<pre wrap="">A sharp blade in a table saw has always given me good results. You can sure tell when the blade is not sharp!!!!!
It also helps to use a zero clearance insert or put your plastic on a sacrificial scrap of plywood.
If you want a really nice edge, run it past a router bit. It will not work well for cutting the material - it tends to get the plastic hot and stringy, but it great for taking a light finish pass.
^^^^^^^^^^^^^^^^^^^^^^^^^^^^^^^^^ Keep the whole world singing . . . . DanG (remove the sevens) <a class="moz-txt-link-abbreviated" href="mailto: snipped-for-privacy@7cox.net"> snipped-for-privacy@7cox.net</a>
"wolfb" <a class="moz-txt-link-rfc2396E" href="mailto: snipped-for-privacy@southslope.net">&lt; snipped-for-privacy@southslope.net&gt;</a> wrote in message <a class="moz-txt-link-freetext" href=" </pre> <blockquote type="cite"> <pre wrap="">Anyone familiar with plexigalss cutting? Typically the sheets come in .08 or .10 for most applications like picture frames, replacement panes etc. I'm not sure what they are measured in as .08 is just about 1/6" or a little less than 3mm. I have had some success with a utility knife...scoring along a straight edge and then snapping the plexiglass, but that is not very clean. I have previously tried using my table saw, but I must have used a blade that was to course as the plexi chipped no matter how slow I fed it. I know of the old trick of turning the blade backwards and basically burning the piece. How do you all do it? Any good pointers? Cheers! Wolf-==-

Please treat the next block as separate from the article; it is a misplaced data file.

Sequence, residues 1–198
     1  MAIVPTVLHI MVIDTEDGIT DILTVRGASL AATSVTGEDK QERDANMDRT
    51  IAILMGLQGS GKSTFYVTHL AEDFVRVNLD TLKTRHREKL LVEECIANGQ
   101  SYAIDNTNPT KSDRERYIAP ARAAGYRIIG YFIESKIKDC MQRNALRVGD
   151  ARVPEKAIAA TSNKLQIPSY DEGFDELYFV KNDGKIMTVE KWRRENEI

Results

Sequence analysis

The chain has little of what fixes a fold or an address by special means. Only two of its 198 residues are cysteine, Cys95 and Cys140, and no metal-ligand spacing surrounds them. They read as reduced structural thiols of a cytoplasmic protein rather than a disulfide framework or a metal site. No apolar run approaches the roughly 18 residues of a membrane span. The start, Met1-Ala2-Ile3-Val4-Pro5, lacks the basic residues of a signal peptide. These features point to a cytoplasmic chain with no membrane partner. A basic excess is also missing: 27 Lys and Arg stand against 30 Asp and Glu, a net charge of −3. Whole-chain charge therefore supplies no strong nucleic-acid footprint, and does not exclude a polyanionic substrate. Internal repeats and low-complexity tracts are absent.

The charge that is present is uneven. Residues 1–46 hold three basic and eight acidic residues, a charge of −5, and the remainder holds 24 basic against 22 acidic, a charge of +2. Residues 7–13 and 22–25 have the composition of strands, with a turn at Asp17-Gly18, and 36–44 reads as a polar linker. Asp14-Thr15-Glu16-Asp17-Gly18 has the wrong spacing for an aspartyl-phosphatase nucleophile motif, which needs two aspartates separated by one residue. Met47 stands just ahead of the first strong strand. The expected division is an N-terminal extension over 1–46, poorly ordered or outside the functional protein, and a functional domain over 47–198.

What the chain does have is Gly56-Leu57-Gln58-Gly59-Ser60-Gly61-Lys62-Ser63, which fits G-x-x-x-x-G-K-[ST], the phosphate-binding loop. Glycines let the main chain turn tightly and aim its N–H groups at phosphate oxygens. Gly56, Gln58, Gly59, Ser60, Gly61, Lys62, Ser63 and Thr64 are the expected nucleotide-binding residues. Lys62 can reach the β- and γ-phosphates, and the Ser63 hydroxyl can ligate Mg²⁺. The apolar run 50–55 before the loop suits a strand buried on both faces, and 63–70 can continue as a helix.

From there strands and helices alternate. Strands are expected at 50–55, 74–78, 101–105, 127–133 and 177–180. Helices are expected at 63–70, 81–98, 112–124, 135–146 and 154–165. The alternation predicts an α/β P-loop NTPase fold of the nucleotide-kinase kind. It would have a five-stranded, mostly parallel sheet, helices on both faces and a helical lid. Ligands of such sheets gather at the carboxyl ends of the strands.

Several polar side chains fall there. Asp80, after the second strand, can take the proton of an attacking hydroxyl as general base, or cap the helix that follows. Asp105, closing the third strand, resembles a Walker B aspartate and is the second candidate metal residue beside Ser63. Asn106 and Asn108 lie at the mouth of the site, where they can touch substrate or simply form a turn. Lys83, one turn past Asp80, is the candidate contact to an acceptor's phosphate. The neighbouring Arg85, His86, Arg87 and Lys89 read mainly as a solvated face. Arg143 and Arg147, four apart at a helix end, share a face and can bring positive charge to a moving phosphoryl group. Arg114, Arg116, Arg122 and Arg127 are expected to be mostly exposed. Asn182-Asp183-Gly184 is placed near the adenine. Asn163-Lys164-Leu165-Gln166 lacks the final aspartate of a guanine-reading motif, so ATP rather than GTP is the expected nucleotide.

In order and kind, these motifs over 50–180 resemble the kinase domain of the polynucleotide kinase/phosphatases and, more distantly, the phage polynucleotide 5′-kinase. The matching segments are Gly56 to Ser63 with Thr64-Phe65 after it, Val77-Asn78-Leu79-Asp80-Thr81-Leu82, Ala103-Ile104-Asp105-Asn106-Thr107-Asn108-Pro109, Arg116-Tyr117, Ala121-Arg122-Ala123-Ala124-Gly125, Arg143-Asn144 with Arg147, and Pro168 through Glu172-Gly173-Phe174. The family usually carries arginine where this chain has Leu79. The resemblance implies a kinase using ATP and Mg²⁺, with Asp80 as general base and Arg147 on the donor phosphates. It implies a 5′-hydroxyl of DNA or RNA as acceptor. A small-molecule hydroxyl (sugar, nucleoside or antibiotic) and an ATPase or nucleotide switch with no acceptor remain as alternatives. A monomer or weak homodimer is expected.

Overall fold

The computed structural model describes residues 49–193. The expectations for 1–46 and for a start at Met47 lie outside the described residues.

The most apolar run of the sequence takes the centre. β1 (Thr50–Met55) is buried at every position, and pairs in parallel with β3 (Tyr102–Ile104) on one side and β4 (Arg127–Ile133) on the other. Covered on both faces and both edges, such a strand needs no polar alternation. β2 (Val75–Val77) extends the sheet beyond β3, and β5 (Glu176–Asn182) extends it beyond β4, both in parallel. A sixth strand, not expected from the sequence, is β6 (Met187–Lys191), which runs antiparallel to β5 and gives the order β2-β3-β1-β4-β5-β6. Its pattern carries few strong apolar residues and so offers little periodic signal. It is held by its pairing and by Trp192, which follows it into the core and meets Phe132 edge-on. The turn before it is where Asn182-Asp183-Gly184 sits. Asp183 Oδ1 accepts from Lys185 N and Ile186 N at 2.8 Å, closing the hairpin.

</pre> </blockquote> <pre wrap=""><!---->
</pre> </blockquote> You want a really thin carbide-tipped blade to get a smooth cut with no melted flash.&nbsp; The Matsushita 7&frac14;" combination blade is perfect for this.<br> <br> In Boatbuilder, May/June 98, Thomas Firth Jones said about cutting acrylic sheet &#8220;Myself , I&#8217;ve fallen in love with the 7&frac14;&#8221;<br> Matsushita blade...It doesn&#8217;t have that many teeth but whatever you put through it comes out looking as if it had been planed and its 1/16&#8221; kerf makes light work of ripping heavy teak as well as plastic.&nbsp; It&#8217;s my best new tool in years.&#8221;&nbsp; They are available from various sources, but I also sell them.<br> <br> Dave Carnell<br> </body> </html>